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Cost Benefit Approaches to Valuing Nature: Case Studies in New Zealand

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  • Wilson, Ross

Abstract

Section 32 of the Resource Management Act requires councils to evaluate the alternative options. Pure, fully monetised cost benefit analysis (“CBA”) is in theory the ideal preferred approach for evaluations, but it is at one extreme of a whole spectrum of related approaches based on the level of detail and quantification or monetisation. In practice, few if any s32 analyses are fully monetised, and in fact many if not most are either purely qualitative (descriptions or matrices) or a mix of qualitative and quantitative (numerical or scoring). However, there are other examples across the entire spectrum.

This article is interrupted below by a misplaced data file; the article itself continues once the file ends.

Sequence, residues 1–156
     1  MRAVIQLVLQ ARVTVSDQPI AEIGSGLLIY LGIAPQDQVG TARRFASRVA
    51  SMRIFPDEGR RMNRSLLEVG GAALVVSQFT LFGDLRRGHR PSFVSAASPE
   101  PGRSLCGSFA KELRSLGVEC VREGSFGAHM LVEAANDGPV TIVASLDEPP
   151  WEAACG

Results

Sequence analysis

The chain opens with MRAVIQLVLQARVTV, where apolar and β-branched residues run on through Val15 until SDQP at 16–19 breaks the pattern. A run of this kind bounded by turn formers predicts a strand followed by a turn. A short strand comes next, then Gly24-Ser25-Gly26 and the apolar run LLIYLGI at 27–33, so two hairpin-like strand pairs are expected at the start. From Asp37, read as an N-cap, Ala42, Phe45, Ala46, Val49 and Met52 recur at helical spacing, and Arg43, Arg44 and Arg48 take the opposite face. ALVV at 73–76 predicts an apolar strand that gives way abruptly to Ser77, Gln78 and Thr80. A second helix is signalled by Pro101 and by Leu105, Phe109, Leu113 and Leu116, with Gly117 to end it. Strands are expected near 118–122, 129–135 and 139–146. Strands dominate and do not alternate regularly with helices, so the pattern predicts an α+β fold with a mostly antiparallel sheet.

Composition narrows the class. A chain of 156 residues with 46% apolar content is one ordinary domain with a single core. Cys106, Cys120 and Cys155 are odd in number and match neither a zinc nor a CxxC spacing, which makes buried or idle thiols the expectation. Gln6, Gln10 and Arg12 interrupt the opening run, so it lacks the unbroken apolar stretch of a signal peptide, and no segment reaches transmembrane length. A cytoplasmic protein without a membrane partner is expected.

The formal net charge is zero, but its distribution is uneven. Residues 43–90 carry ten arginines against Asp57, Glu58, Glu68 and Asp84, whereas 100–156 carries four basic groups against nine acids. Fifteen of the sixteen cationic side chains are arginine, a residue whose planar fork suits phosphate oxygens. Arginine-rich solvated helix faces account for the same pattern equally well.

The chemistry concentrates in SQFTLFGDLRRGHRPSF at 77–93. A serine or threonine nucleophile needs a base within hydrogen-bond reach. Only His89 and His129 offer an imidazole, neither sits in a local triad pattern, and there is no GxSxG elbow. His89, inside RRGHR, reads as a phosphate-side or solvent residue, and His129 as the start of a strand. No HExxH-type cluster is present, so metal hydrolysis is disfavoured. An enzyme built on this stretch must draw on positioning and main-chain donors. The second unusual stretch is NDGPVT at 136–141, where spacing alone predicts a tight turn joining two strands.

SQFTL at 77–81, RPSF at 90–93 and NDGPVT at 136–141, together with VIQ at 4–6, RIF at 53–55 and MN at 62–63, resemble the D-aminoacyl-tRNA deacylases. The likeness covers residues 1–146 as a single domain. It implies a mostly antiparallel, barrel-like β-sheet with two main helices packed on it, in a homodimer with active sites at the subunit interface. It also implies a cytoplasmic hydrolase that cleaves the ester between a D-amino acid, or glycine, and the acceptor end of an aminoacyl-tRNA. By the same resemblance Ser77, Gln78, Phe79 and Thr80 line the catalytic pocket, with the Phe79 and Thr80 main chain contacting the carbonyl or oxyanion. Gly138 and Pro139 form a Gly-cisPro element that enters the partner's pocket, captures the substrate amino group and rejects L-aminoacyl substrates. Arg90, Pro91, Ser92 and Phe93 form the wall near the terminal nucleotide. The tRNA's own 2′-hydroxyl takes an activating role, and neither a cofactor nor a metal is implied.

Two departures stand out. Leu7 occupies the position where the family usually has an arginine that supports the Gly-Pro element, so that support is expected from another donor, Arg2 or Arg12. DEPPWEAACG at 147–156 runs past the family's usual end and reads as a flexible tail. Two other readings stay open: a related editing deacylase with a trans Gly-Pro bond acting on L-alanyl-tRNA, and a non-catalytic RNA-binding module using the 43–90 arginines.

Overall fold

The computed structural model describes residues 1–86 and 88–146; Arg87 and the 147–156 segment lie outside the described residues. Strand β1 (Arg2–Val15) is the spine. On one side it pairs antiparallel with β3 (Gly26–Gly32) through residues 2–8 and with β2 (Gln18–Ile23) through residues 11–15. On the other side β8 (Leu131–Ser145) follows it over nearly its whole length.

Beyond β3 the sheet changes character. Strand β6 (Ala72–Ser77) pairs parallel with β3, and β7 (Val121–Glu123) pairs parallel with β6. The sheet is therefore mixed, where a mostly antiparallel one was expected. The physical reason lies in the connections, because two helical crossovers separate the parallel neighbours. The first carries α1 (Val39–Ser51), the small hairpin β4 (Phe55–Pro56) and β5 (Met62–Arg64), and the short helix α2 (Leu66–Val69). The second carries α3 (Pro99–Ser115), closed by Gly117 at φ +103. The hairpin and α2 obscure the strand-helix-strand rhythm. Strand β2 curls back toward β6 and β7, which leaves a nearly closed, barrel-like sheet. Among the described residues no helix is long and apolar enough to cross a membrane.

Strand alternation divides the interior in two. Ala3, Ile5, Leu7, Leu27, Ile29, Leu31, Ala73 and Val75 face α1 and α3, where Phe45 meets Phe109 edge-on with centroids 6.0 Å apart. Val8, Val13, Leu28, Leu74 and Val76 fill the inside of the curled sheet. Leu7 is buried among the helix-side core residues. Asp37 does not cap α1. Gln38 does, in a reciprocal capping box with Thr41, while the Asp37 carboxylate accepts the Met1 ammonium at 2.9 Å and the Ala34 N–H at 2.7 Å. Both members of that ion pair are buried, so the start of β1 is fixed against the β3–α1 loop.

Suggested Citation

  • Wilson, Ross, 2012. "Cost Benefit Approaches to Valuing Nature: Case Studies in New Zealand," 2012 Conference, August 31, 2012, Nelson, New Zealand 136072, New Zealand Agricultural and Resource Economics Society.
  • Handle: RePEc:ags:nzar12:136072
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    File URL: http://purl.umn.edu/136072
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    Keywords

    evaluation; monetised; council; cost benefit analysis; RMA section 32; Demand and Price Analysis; Environmental Economics and Policy; Land Economics/Use; Research Methods/ Statistical Methods;

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